15.50 




Calculated > Critical 



Table 11. Chi Square Analysis of 

Growth Patterns 

Experimental Group 

Y- Axis 

Degrees of Freedom = 8 


Degree (°) 


Observed 


Expected 


(O - E) 2 /E 


0-9 


35.00 


55.56 


7.610 


10-19 


37.00 


55.56 


6.200 


20-29 


64.00 


55.56 


1.280 


30-39 


100.0 


55.56 


35.50 


40-49 


70.00 


55.56 


3.750 


50-59 


71.00 


55.56 


4.290 


60-69 


42.00 


55.56 


3.310 


70-79 


48.00 


55.56 


1.030 


80-89 


33.00 


55.56 


9.160 


Total 


500.0 


500.0 


72.20 


Calculated X 2 


72.20 


Critical X 2 


15.50 



Calculated > Critical 



Chaplin 14 

Discussion 

When the fibroblasts were studied for proliferation rates, more viable and 
nonviable cells were found in the experimental group than the control group. The cell 
counts for the experimental and control groups were converted to percentages in order 
to compare the data (Table 1). The percentage of viable to nonviable cells was 
approximately the same for each group. An F-Test Two-Sample for Variances 
determined if the observed differences in proliferation rates were significant. This test 
indicated that the experimental group did not have a significantly higher or lower growth 
rate of viable cells compared to the control group (Table 3). Analysis of the nonviable 
cells with the F test provided similar results (Table 4). The number of nonviable cells in 
the experimental group was not significantly different than the control group. The 
magnets did not seem to have an effect on the proliferation rates of fibroblasts. The 
results support the study completed by Martha Linet et. al. in 1997. The data dispute 
the possible link between EMF's and cell proliferation as seen in cancer. This link is 
based upon the belief that EMF's cause cells to replicate repeatedly. The results also 
indicate that magnetic fields do not have an effect on fibroblast cell growth and further 
demonstrate that magnets of low power are unlikely to be cancer causing agents. 
However, studies do indicate that prolonged exposure to high levels of EMF's can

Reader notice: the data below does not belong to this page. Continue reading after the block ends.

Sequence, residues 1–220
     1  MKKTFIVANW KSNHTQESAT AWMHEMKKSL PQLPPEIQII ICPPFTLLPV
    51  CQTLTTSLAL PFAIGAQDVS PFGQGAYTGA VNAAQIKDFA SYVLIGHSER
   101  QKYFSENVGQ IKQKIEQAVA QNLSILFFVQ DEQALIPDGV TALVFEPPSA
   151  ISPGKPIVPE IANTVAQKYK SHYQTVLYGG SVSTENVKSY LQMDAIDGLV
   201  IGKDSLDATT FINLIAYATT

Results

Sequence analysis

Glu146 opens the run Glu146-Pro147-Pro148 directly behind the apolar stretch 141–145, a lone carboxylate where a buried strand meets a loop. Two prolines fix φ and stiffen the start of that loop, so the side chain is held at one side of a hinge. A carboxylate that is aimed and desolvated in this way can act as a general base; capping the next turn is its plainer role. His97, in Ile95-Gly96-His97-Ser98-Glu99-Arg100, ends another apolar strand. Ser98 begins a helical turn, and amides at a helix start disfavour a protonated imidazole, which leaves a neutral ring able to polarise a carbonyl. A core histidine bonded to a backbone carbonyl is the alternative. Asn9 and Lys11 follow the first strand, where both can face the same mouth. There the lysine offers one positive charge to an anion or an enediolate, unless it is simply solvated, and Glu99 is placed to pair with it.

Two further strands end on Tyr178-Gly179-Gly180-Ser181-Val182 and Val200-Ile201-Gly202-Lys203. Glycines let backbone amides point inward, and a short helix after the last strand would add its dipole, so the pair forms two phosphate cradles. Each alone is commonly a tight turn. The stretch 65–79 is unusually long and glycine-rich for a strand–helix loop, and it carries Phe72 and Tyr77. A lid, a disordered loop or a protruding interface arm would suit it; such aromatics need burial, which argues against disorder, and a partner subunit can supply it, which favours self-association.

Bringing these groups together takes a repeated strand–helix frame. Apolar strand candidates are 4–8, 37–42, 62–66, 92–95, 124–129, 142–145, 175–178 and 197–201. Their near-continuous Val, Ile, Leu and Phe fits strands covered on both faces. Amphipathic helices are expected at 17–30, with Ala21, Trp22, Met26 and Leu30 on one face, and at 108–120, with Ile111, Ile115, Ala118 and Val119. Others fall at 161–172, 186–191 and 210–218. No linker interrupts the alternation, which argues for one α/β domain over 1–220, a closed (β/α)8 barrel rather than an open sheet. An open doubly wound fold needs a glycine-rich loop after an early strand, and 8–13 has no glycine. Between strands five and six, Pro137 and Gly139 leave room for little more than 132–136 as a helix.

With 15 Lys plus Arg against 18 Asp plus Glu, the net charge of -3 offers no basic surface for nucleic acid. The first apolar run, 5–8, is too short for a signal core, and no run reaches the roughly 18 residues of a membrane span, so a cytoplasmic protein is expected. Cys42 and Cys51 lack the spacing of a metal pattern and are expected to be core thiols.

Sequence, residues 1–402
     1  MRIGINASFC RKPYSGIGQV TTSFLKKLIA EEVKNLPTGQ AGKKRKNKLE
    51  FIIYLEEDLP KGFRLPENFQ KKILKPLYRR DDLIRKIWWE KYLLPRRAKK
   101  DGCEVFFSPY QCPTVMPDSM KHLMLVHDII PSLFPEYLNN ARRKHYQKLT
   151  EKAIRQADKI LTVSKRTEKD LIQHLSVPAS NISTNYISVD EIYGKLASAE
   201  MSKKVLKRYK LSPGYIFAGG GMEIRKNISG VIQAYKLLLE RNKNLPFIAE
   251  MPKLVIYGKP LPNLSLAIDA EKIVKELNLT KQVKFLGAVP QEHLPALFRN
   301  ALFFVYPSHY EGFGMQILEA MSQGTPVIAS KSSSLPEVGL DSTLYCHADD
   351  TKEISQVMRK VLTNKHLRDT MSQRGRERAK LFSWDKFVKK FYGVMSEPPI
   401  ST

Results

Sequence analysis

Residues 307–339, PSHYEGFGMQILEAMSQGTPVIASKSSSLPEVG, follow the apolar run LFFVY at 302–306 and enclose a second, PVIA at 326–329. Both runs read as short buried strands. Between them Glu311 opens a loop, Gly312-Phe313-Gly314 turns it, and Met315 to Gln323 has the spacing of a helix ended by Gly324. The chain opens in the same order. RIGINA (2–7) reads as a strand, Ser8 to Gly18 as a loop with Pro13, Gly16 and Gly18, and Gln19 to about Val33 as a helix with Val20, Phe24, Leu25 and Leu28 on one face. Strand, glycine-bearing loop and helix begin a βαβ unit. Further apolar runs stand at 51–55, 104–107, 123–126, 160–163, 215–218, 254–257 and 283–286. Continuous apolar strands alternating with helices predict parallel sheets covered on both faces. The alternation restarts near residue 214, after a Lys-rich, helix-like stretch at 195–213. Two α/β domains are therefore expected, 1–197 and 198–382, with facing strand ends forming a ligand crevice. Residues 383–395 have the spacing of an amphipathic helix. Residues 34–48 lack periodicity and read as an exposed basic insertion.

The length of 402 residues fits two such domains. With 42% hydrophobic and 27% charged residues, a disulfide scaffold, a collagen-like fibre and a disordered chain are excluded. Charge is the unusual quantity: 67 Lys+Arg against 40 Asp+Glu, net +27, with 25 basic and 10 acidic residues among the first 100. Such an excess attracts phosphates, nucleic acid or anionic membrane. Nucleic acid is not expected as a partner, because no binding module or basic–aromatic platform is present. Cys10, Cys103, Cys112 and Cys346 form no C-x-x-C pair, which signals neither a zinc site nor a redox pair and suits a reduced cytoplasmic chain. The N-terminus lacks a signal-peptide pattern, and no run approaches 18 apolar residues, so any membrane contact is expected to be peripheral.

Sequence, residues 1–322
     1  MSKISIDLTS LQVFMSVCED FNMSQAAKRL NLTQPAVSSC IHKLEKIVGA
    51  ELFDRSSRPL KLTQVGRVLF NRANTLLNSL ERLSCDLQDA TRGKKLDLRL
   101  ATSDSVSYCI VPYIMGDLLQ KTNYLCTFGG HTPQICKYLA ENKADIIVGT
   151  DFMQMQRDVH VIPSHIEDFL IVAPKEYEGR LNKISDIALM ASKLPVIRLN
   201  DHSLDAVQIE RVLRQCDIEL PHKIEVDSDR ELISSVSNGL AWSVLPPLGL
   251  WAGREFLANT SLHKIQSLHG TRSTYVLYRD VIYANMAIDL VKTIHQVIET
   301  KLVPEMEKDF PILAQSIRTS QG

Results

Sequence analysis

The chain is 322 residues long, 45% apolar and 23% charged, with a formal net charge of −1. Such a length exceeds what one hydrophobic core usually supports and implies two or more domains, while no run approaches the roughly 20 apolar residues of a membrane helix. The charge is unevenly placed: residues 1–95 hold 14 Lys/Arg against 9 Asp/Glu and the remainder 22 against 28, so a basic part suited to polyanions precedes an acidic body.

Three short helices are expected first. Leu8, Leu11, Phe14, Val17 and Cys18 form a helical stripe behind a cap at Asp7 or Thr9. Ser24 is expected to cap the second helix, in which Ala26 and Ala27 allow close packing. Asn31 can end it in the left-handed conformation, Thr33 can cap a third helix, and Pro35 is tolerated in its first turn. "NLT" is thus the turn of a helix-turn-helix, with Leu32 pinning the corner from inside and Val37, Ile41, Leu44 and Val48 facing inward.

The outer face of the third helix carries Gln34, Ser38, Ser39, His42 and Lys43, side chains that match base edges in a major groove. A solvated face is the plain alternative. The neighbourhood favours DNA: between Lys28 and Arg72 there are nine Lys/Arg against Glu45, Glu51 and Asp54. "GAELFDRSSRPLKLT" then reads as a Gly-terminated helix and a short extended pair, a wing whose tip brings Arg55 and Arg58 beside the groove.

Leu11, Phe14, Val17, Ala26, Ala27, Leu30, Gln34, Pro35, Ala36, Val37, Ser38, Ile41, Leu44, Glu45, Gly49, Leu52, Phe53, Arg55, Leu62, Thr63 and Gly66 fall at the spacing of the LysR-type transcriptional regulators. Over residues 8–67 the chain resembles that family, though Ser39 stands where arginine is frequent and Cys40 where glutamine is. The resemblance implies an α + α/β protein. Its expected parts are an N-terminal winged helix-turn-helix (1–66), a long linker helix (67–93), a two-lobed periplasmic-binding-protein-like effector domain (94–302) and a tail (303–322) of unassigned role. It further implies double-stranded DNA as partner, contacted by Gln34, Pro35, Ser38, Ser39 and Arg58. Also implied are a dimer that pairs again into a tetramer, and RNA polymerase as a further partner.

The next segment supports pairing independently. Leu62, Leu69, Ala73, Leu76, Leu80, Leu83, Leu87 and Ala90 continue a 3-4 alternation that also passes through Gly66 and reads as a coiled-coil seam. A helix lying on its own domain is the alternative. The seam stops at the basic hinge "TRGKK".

increase an adult's cancer risk (Pool, 1990). The findings of this research dispute the 
beneficial effects of magnetotherapy. The absence of a change in proliferation rates 
shows that magnets probably do not have healing properties as they cannot increase 
the number of cells needed to repair a wound nor can they decrease the growth rate of 
harmful cells, such as tumor cells. 

When growth patterns were initially analyzed, Chi square tests for the cells 
located on both axes were completed. This analysis included all of the angles (0°- 
179°). The calculated X 2 values of the control and experimental groups were much 
greater than the critical X 2 values (data not shown). In order to minimize the difference 
between these results, the degrees of growth were combined according to the values 
presented in Table 5. For example, cells growing between and 9 degrees on the y- 
axis were equivalent to cells growing between 90 and 99 degrees on the x-axis. A 
second set of Chi square tests was completed on the combined data. For both control 
and experimental groups, the results indicated that the calculated X 2 values were 



Chaplin 15 

greater than the critical X 2 values (Tables 8, 9). The null hypothesis was rejected for 
both groups. Cell growth occurred in specific angles rather than random patterns. The 
importance of examining the experimental group as well as the control group was 
shown in this portion of the analysis. If the data for the experimental group were the 
only information to be statistically tested, the results would illustrate that there was a 
significant difference in growth patterns. It would be concluded that the magnets had an 
effect on cell growth. However, the Chi square test also indicated that there was a 
significant difference in growth patterns for the control group. Since null hypotheses 
were rejected for both groups, the results provided evidence that magnets did not have 
an effect on the growth patterns of fibroblasts. The control group showed that the cells 
typically grew in specific angles in the absence of magnets. 

As a final analysis, a Chi square test was applied to the cells which were present 
along the y-axis. The basis for this test was the placement of the magnets on the 
flasks. A magnet was aligned with the x-axis of each flask. If the magnets were to 
influence the growth of the fibroblasts, the cells on the y-axis would be affected more 
strongly than the cells along the x-axis. This is due to the magnetic field lines that enter 
and leave the magnets at the poles. These lines form a sphere. However, fibroblasts 
grow in a monolayer i.e. the cells do not grow on top of each other. Fibroblasts located 
along the y-axis are subjected to more magnetic field lines than the fibroblasts located 
along the x-axis, because the latter group is aligned with the magnet. The results of the 
Chi square test indicated that the calculated X 2 values were greater than the critical X 2 
values for the control and experimental groups (Tables 10, 11). The null hypotheses 
were rejected, illustrating that there was a significant difference in the growth patterns of 
both groups. Certain angles were observed more than others. This is most likely due to 
the fibroblasts' tendency to develop in groups. When the cells divide, the new cells 
often grow in the same direction as the original cells. Clumps of individual fibroblasts